Luxury Makes Gains Despite Chaos
The market proved resilient through WHO warnings of a Covid spike in Europe, huge uncertainty over Brexit and the US elections, and the collapse of the sector’s biggest deal, as investors set their eyes on 2021.
LONDON, United Kingdom — Investor sentiment in September was a tug-of-war between hope and fear, with hope pulling fear over the line at the last minute. Hope was driven by positive trading updates from Swatch, Prada, Capri Holdings and Tod’s. UBS and Bank of America also published bullish notes, citing a strong rebound in post-lockdown sales and the opportunity for growth in digital and in mainland China. Fear took a tug of the rope mid-month as the World Health Organisation warned of a rapid rise in Covid-19 cases throughout Europe, which prompted more travel restrictions and local lockdowns.
Uncertainty was further fuelled by an increasingly polarised US election cycle that culminated in threats to the democratic process by the Commander-in-Chief himself. Finally, what would have been luxury’s largest deal ever fell through, with LVMH and Tiffany locking themselves in a high-stakes legal dispute. It is therefore nothing short of a miracle that the Savigny Luxury Index, our company’s measurement of the performance of 17 listed groups representing over 150 of the largest luxury brands in the world, ended in positive territory this past month.
Technology and luxury are venturing closer together. TikTok is launching a digital fashion month in partnership with brands such as Saint Laurent, JW Anderson and Louis Vuitton. It will host two livestreams per week until October 8 to showcase the latest Spring/Summer 2021 collections. On the final night, October 8, singer-songwriter Nick Tangorra will host the “TikTok Runway Odyssey,” a virtual fashion runway livestream in partnership with UMA and Alice & Olivia.
Burberry livestreamed its Spring/Summer 2021 show on Twitch, becoming the first luxury fashion brand to use the Amazon-owned platform, which is typically used for video-gaming content. Amazon launched its Luxury Stores shopping platform: the platform is available, upon invitation, to eligible Prime members in the US. Rihanna’s Savage X Fenty lingerie fashion show has also just dropped on Amazon Prime, featuring performances by Travis Scott, Miguel, Ella Mai and Bad Bunny, and casting Lizzo, Demi Moore, Irina Shayk, Paris Hilton and Willow Smith alongside famous drag queens, dancers and models of all shapes and sizes to reinforce a message of inclusivity. Amazon is still at the fringes of luxury but is clearly looking to make a big inroad.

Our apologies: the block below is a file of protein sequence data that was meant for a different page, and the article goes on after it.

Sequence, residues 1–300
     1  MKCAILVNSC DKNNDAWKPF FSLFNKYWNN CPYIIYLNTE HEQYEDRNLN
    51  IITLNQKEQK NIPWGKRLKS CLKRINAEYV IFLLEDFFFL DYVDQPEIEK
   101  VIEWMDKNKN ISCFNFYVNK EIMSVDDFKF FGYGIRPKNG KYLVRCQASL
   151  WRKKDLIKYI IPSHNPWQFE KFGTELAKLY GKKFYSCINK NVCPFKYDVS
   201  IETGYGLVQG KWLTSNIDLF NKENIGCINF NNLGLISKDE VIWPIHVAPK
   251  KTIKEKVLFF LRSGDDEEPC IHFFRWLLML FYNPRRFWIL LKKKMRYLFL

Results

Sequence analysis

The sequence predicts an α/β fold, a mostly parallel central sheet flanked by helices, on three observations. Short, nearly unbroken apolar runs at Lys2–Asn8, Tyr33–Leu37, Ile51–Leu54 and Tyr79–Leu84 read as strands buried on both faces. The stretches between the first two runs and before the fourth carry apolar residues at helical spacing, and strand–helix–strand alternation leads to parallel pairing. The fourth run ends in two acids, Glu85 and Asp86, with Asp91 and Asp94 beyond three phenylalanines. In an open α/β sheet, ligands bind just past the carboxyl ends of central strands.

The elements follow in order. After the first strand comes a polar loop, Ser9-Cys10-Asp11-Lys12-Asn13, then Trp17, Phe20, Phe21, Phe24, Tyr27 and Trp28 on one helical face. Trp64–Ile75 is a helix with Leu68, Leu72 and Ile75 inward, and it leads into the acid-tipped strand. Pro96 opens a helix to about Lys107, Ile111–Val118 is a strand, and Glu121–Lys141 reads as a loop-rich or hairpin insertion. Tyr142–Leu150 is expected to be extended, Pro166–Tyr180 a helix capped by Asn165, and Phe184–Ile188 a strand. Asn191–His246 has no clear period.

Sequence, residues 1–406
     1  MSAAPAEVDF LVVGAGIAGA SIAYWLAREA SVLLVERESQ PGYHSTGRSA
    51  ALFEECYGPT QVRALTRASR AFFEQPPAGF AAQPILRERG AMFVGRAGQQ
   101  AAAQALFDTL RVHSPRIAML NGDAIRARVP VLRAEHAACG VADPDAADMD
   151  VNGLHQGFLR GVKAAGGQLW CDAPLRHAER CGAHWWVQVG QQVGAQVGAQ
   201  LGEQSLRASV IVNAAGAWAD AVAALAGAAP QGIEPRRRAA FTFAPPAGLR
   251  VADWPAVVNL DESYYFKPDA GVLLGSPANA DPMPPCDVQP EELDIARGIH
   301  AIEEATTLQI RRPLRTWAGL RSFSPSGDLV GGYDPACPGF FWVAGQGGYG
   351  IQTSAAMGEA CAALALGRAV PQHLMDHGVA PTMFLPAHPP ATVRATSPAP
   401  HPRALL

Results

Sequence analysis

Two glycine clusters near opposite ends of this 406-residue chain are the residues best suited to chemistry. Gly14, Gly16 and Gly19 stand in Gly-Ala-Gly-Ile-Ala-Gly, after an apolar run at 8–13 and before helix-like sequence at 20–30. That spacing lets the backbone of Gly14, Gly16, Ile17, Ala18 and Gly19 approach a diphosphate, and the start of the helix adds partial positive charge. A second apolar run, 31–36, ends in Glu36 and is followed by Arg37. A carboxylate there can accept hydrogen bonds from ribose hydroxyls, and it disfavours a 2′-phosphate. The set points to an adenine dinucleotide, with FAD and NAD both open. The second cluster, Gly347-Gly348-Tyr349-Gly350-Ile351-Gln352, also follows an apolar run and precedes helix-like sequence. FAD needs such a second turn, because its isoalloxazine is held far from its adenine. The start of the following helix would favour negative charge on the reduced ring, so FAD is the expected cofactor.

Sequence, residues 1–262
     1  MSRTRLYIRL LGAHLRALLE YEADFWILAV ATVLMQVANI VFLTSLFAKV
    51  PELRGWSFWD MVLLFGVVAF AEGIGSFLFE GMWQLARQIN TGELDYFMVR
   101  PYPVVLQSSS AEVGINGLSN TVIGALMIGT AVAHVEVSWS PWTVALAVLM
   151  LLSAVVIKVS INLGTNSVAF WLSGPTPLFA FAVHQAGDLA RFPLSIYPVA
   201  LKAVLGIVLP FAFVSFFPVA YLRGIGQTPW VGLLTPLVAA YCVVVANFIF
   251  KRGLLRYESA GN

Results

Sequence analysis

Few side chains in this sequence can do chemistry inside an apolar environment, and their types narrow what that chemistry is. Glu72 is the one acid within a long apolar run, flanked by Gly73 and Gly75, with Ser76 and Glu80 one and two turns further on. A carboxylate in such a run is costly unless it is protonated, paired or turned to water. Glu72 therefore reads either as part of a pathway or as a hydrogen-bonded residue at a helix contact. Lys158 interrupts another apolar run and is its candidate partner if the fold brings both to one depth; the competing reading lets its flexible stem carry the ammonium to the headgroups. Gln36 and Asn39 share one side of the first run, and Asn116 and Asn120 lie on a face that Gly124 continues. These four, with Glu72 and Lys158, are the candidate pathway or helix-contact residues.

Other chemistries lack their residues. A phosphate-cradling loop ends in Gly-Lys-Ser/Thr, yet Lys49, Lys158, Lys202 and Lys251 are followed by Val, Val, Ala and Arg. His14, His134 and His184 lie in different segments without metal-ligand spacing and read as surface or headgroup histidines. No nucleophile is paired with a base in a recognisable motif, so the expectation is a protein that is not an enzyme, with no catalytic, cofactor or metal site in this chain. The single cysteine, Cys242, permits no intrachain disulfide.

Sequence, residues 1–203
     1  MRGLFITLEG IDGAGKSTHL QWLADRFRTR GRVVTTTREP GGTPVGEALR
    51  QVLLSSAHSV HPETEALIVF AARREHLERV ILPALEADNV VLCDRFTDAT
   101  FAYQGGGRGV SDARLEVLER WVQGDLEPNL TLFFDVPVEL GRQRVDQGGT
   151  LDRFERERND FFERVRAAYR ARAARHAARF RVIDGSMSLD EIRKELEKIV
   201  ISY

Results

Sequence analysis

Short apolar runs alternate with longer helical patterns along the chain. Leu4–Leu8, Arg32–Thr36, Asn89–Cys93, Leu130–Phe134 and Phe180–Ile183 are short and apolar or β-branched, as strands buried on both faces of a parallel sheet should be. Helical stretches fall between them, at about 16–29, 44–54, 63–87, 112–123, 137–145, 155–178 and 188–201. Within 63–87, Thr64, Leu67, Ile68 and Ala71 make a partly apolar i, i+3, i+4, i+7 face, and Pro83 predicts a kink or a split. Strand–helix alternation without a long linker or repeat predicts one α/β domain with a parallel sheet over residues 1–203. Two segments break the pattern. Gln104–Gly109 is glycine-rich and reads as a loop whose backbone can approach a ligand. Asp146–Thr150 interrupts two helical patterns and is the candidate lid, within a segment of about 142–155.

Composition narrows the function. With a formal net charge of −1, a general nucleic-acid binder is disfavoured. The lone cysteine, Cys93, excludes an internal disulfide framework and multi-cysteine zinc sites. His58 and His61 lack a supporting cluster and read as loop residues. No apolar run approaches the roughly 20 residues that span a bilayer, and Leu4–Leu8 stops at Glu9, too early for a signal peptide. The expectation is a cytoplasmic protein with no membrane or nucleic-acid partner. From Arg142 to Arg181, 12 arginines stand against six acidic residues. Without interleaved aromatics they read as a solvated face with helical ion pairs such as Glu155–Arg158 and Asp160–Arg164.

Also in September, Skincare brand Perricone M.D. was acquired by UK beauty and lifestyle group The Hut Group, and hair-and-skincare group Ales was bought out of administration by Impala, a French private equity group. Made in Italy Fund, a private equity investment house backed by Quadrivio and Pambianco, took a 60 percent stake in jewelled bag and accessory brand Rosantica.
Both Burberry and Chanel issued sustainabili
The Savigny Luxury Index climbed against all odds in September, outperforming the MSCI by over 4 percentage points to end the month up 3 percent, as investors look to 2021 for further growth.
SLI versus MSCI
- Capri Holdings’ share price gained almost 14 percent this past month after a positive trading update that pointed to like-for-like sales growth at Versace.
- Swatch ended the month up nearly 13 percent after announcing that sales this August were almost back to levels seen a year earlier, notably driven by 50 percent growth in China.
- Tiffany lost 5 percent of its market value this past month as its sale to LVMH unravelled.
What to Watch
Golden Week, China’s national holiday, runs from 1 to 8 October this year. In 2019, when international travel was still possible, over $200 billion was spent in dining and shopping in China over the period. With the country’s 1.4 billion consumers unable to travel outside the country, luxury brands with a mainland presence hope that a local shopping bonanza will make this number significantly bigger. Fingers crossed.
So as to align ourselves with investor focus on 2021 versus 2020, we have set out the valuation table below using multiples based on 2021 earnings and estimated sales growth for 2021.